If you calculate the future value of your monthly investment in social security ($375/month, including both your and your employer’s contributions) at a meager 1% interest rate compounded monthly, after 40 years of working you'd have more than $1.3+ million dollars saved! This is your personal investment.

Upon retirement, if you took out only 3% per year, you'd receive $39,318 per year, or $3,277 per month.

That’s almost three times more than today’s average Social Security benefit of $1,230 per month, according to the Social Security Administration (Google it - it’s a fact). And your retirement fund would last more than 33 years (until you're 98 if you retire at age 65)! I can only imagine how much better most average-income people could live in retirement if our government had just invested our money in low-risk interest-earning accounts.

Instead, the folks in Washington pulled off a bigger Ponzi scheme than Bernie Madoff ever did. They took our money and used it elsewhere. They “forgot” that it was OUR money they were taking. They didn’t have a referendum to ask us if we wanted to lend the money to them. And they didn’t pay interest on the debt they assumed. And recently, they’ve told us that the money won’t support us for very much longer.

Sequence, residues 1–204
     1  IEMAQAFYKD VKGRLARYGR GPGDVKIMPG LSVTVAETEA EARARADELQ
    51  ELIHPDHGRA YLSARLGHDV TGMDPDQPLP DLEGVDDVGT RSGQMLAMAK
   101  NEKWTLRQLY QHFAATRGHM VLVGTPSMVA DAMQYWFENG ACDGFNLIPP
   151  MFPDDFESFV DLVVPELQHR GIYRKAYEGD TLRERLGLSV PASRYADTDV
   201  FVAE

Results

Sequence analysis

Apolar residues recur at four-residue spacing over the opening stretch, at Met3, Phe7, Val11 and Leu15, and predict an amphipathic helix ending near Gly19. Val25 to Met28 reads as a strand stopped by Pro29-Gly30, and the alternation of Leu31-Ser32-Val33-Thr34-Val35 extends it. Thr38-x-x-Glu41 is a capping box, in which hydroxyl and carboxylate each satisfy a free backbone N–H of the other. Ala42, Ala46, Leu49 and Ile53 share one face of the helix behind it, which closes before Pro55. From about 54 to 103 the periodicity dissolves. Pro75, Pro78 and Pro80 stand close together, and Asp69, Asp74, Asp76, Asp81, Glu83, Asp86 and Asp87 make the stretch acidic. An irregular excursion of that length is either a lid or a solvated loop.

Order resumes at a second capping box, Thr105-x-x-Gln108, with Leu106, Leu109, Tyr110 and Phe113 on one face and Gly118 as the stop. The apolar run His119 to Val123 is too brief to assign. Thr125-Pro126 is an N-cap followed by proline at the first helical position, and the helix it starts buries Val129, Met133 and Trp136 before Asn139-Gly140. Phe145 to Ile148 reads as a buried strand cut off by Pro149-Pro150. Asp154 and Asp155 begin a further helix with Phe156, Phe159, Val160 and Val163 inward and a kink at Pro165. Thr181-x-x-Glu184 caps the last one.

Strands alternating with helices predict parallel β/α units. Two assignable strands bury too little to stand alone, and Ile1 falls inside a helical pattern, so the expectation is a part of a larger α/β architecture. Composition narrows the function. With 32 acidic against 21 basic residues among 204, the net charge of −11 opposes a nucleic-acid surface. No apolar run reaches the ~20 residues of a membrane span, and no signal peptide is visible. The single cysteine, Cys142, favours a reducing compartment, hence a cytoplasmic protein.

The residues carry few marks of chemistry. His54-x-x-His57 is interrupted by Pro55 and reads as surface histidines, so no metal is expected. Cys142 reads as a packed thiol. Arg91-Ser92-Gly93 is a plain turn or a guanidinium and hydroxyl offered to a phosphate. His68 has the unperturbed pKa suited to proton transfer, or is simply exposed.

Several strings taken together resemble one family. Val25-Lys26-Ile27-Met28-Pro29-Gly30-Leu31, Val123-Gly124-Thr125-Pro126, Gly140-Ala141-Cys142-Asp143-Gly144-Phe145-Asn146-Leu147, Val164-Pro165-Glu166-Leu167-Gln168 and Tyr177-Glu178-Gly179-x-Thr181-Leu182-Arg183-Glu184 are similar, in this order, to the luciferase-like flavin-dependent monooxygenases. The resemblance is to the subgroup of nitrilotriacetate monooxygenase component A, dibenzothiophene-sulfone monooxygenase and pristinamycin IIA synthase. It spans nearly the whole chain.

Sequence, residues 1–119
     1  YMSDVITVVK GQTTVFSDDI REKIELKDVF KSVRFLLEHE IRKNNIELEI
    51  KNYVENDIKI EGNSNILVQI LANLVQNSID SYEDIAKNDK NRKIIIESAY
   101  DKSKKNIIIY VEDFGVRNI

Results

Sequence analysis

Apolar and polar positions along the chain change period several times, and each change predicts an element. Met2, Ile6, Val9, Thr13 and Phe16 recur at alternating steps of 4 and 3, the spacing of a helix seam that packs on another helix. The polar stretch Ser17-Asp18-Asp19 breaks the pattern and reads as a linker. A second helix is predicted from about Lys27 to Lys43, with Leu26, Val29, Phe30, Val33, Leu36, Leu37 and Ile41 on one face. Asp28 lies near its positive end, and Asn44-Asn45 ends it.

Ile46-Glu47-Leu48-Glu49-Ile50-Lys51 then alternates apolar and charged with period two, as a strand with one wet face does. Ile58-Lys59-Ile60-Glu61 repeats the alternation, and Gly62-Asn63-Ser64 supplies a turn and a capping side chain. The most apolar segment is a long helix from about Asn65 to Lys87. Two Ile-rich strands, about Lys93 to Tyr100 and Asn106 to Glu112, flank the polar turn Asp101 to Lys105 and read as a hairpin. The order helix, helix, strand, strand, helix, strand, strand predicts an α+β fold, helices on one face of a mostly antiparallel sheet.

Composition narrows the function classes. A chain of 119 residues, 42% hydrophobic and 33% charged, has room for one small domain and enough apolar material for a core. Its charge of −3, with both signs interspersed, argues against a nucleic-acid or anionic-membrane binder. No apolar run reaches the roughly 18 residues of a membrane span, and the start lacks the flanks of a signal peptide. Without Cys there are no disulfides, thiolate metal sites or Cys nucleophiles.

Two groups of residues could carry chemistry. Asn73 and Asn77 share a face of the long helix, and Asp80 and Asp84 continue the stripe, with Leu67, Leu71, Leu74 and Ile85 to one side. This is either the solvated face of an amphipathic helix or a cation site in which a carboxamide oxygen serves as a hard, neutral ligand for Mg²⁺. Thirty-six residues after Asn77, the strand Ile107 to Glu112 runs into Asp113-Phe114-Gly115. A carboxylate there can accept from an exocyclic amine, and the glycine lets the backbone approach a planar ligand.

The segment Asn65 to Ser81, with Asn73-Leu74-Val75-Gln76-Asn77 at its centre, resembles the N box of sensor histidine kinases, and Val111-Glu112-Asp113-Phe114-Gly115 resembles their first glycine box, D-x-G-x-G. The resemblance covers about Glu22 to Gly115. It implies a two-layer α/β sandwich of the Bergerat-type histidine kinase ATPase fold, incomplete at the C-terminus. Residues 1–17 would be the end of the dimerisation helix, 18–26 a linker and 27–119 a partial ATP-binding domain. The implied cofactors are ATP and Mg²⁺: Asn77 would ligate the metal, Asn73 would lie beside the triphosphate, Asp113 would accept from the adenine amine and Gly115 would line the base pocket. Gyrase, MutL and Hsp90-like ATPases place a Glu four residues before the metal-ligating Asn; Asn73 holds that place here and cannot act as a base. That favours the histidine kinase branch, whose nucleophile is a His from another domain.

But is it our fault they misused our investments?

And now, to add insult to injury, they’re calling it a “benefit,” as if we never worked to earn every penny of it. Just because they “borrowed” the money, doesn't mean that our investments were a charity!
Let’s take a stand. We have earned our right to Social Security and Medicare! Demand that our legislators bring some sense into our government – Find a way to keep Social Security and Medicare going, for the sake of that 92% of our population who need it.